Veteran Member


Date Joined Dec 2006
Total Posts : 8128
   Posted 11/2/2009 8:09 PM (GMT -6)   
Hi Charlie,
Welcome to HealingWell. This is a great site as you can see, for patient to patient communications. I'll start with your questions and the answer is, you need to ask the doctors you are interested in if they have taken Blue Shield before. If they have then chances are good for you that you will get approvals. I am sorry to hear about your father. It is a sad testimony about how this disease can spread through heredity. I don't know that treatment by radiation, Proton or IMRT, will have any better results than surgery in regards to Peyronies Disease. That is a question for the doctors as well. I know that Proton is based on the premise of less side effects, but IMRT has an excellent record as well. And side effects are not like they used to be with external beam radiation. They have come a long way in that regards. I have been treated with both surgery and IMRT and function pretty well in term of incontinence. I don't have much of a sex life after hormonal therapy, but that's a different discussion.

Again, welcome and all the best to you...

Tony
Age 47 (44 when Dx)
Pre-op PSA was 19.8 : Surgery at The City of Hope on February 16, 2007
Gleason 4+3=7, Stage pT3b, N0, Mx
Positive Margins (PM), Extra Prostatic Extension (EPE) : Bilateral Seminal vesicle invasion (SVI)
Hormone Therapy May '07 to September '09 ~ Currently off.
IMRT radiation for 38 Treatments ending August 3, '07
Current PSA (October 7, 2009): <0.1

My journey is at: www.caringbridge.org/visit/tonycrispino

My InfoLink page is at Tony's Prostate Cancer InfoLink Page

STAY POSITIVE!


BillyMac
Veteran Member


Date Joined Feb 2008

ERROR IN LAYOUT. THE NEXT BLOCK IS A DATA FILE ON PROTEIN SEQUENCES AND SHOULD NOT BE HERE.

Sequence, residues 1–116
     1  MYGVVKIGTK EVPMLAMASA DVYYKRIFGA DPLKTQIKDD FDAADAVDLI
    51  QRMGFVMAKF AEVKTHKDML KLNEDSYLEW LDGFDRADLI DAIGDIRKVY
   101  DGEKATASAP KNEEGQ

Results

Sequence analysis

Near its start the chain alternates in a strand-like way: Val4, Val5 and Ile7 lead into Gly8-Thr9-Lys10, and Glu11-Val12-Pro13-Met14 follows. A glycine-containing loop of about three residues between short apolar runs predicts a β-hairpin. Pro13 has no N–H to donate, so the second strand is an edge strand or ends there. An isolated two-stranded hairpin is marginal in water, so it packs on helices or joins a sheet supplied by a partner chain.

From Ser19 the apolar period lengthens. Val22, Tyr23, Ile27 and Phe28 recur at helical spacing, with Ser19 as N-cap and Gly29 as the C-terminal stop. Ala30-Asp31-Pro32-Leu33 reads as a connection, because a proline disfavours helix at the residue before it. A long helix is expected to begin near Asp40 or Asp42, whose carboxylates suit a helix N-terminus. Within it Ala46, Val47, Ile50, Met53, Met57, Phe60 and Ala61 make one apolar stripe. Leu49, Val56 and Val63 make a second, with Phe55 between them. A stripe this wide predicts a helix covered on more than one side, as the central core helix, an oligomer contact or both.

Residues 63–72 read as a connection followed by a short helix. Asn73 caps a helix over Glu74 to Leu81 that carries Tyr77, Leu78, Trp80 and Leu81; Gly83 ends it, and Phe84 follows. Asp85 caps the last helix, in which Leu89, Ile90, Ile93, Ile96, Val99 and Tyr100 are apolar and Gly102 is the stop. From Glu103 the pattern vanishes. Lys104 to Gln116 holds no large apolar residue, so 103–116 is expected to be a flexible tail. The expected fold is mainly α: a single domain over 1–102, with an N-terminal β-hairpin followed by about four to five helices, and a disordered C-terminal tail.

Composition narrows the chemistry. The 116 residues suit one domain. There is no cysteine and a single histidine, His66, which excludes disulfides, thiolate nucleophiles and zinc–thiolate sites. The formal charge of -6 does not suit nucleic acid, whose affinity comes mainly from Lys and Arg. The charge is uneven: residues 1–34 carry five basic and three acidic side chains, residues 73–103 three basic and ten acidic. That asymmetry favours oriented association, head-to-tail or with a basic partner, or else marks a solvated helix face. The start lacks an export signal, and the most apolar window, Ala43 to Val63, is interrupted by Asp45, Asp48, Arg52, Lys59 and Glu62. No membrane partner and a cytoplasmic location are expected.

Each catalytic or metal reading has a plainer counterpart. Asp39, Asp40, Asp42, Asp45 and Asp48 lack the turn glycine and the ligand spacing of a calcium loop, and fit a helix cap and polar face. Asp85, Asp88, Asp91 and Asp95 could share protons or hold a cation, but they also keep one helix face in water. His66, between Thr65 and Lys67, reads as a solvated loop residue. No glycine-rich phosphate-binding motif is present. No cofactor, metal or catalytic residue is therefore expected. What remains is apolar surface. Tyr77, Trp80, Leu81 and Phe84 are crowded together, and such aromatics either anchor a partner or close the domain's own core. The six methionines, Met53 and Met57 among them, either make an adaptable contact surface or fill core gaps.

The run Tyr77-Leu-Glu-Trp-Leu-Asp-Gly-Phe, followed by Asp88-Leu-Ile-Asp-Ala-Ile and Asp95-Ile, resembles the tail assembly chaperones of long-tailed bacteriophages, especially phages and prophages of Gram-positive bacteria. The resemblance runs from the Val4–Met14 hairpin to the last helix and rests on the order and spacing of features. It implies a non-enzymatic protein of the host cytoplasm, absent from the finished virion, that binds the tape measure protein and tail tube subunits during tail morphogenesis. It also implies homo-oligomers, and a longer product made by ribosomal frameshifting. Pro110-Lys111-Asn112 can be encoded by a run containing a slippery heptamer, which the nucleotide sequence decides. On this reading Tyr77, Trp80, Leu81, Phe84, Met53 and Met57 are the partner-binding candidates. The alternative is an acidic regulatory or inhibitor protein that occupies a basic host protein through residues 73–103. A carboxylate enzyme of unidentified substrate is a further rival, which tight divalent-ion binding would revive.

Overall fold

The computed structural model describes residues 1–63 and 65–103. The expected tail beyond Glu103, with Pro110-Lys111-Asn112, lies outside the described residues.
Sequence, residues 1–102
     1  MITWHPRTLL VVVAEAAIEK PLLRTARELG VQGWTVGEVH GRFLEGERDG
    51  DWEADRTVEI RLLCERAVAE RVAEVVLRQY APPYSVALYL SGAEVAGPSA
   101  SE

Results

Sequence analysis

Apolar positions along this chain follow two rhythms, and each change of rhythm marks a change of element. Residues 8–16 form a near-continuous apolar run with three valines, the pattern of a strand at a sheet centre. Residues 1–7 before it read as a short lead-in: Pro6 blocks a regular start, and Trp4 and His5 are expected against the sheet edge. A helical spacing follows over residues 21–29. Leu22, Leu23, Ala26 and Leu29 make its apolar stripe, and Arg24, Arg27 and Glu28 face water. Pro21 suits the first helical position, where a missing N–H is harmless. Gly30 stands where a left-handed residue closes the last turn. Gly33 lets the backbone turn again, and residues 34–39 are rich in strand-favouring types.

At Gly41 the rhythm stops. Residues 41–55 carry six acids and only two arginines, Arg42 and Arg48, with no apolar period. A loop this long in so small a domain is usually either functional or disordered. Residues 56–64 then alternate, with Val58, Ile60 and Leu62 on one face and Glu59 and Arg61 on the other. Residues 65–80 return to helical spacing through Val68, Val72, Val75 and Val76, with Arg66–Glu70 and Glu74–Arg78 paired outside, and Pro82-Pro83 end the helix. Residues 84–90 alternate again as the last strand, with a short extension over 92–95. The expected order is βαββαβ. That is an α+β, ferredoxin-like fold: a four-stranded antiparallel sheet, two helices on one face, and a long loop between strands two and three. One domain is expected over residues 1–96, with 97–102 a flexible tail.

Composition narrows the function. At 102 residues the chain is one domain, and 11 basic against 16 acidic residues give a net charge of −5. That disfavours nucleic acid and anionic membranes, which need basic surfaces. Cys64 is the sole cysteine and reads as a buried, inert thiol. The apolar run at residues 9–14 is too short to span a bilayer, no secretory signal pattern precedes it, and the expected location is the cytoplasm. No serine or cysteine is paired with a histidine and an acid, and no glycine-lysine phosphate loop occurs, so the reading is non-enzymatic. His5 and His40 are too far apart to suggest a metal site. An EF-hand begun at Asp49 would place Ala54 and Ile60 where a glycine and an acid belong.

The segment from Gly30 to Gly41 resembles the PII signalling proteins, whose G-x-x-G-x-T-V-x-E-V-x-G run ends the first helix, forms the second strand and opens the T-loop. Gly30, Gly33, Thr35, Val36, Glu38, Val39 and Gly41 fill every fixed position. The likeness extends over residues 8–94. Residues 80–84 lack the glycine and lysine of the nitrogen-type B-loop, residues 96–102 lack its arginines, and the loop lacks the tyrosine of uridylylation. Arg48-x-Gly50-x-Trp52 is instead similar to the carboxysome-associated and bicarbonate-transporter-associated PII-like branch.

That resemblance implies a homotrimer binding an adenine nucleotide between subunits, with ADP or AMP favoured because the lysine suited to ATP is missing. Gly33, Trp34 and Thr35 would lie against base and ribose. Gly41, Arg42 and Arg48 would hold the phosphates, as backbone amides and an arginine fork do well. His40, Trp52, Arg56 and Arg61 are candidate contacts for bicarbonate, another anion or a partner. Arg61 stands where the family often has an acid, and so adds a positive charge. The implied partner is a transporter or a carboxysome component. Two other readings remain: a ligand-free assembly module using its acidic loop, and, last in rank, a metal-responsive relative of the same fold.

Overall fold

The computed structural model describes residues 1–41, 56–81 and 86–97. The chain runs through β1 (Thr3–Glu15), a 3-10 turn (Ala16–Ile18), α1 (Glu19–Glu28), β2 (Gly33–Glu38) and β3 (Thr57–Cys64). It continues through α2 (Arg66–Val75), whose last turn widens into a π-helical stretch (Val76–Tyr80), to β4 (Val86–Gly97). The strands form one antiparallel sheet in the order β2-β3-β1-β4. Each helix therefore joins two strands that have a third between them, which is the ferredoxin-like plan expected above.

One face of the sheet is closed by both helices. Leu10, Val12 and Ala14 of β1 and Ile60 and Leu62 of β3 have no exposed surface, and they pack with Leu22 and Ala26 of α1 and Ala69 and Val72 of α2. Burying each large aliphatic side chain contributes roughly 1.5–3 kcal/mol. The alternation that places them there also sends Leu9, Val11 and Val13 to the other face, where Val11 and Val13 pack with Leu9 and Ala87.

Total Posts : 1858
   Posted 11/2/2009 8:21 PM (GMT -6)   
I think the best approach before making a decision is to get the best possible staging of your tumour. Usually, most decisions regarding the treatment of prostate cancer are based on fairly limited information regarding staging........at worse a PSA reading, DRE and maybe 6 or 8 core samples. CT and bone scan usually show very little if the tumour is not reasonably extensive. Take on board what other members have to say about various other scans and get them if possible. I think the best bet is to approach surgery with the thought that you will have some problems after.....both on the ED and incontinence front. This is not being a pessimist but rather realistic.......slow recovery of these functions is the norm and you will not be in a state of shock at what may well be somewhat temporary following the surgery. Keep your own copies of every report and test result. Most importantly, educate and educate yourself about the disease before committing to a decision and there is no better place to learn from than the great fellas (and some wives) on this forum. Good luck with whatever you ultimately decide and stay with us,